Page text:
I appreciated the campus punks because they taught me a) what in my technique falls apart when I am tired and b) how to fix these “energy leaks” even when I am fatigued. It’s a very useful protocol and I highly recommend you give it a try when it comes time to train up your power endurance.
I didn’t do any “low-end” endurance
I have written about low end endurance before and I have trained endurance quite a bit via ARC-style training. However, with the time I had to get to the gym and knowing that my likely hundreds of hours of moving over moderate terrain has given me a decent base of endurance over the years, I did not feel that incorporating low end endurance training was a good use of time for me. The campus laddering likely took care of this to some degree.
Additionally, my goal routes were fairly short for Wild Iris, so working low-end endurance did not make much sense for this trip. When I did Wind and Rattlesnakes, 5.12a, I was probably only on the wall for three minutes. It maybe took me five minutes to do Tomahawk Slam. These intervals of time were simulated well enough by the campus punks, so this method of training was sufficient from an endurance perspective.
Shifting Focus: from bouldering to Power Endurance
For the first three weeks of training, a majority of it was simply hard bouldering. On June 10th I did a linked boulder circuit session, but I did not revisit power endurance training again until 6/22. At which point I was able to get four sessions of campus punks before heading out for the trip. You heard me right, folks. Five endurance-focused sessions total before heading out on a sport climbing trip. That’s it.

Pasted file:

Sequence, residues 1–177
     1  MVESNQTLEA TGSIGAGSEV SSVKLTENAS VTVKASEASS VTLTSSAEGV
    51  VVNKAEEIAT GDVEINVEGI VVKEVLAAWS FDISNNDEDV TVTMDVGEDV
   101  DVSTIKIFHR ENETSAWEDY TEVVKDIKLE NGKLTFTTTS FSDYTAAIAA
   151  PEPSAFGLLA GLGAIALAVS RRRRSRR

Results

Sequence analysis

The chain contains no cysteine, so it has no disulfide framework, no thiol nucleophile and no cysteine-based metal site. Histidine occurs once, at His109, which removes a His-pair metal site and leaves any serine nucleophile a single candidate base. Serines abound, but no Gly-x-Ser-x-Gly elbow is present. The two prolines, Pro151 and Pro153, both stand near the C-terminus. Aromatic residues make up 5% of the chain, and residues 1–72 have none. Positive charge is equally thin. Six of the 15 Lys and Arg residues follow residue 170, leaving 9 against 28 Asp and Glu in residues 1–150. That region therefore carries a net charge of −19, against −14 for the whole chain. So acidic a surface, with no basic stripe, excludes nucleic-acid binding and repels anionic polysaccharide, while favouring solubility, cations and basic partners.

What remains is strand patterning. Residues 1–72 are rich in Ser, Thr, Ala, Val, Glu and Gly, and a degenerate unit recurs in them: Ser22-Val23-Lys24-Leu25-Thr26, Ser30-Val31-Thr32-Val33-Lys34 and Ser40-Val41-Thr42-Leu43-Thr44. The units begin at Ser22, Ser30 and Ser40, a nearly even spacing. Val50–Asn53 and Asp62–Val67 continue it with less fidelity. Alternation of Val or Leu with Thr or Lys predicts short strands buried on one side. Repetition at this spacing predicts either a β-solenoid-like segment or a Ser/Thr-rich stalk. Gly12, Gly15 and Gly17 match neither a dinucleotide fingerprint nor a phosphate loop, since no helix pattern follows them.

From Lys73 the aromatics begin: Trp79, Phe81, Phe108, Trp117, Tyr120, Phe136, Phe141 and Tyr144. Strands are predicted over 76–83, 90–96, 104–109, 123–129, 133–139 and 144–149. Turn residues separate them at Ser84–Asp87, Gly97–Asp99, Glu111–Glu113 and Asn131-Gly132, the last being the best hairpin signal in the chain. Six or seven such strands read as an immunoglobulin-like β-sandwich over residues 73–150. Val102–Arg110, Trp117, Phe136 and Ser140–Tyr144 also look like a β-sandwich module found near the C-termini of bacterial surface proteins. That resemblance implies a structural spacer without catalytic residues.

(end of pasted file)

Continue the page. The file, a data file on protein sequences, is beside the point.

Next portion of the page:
I do, however, want to highlight that I was in Lander for two weeks which helped me gain more fitness. Take note that all of my big sends happened in the second week of the trip. Additionally, I climbed three days outdoors in the the Red River Gorge in June, which helped me to get my endurance back to some degree. So even though I only had five power endurance sessions before the trip, you should not take my experience and assume you can minimize or quit endurance/power endurance training and still send your hardest routes. It really depends on who you are as a climber and your goals. Mainly, I point this out since I know that many climbers over-emphasize endurance training. I certainly have done this myself over the years and I might not have such a power deficit now if I hadn’t done so.
The trip went well and I am sincerely pleased that despite the magnitude at which Murphy’s has reared its ugly head this year, I was able to have a good performance. This training cycle has really shown me that a bare bones, specific, and simple plan can get the job done, even if the situation seems too imperfect to overcome.
Have questions about how I trained? Drop a comment below or shoot me an email at firstname.lastname@example.org! I would love to hear from you!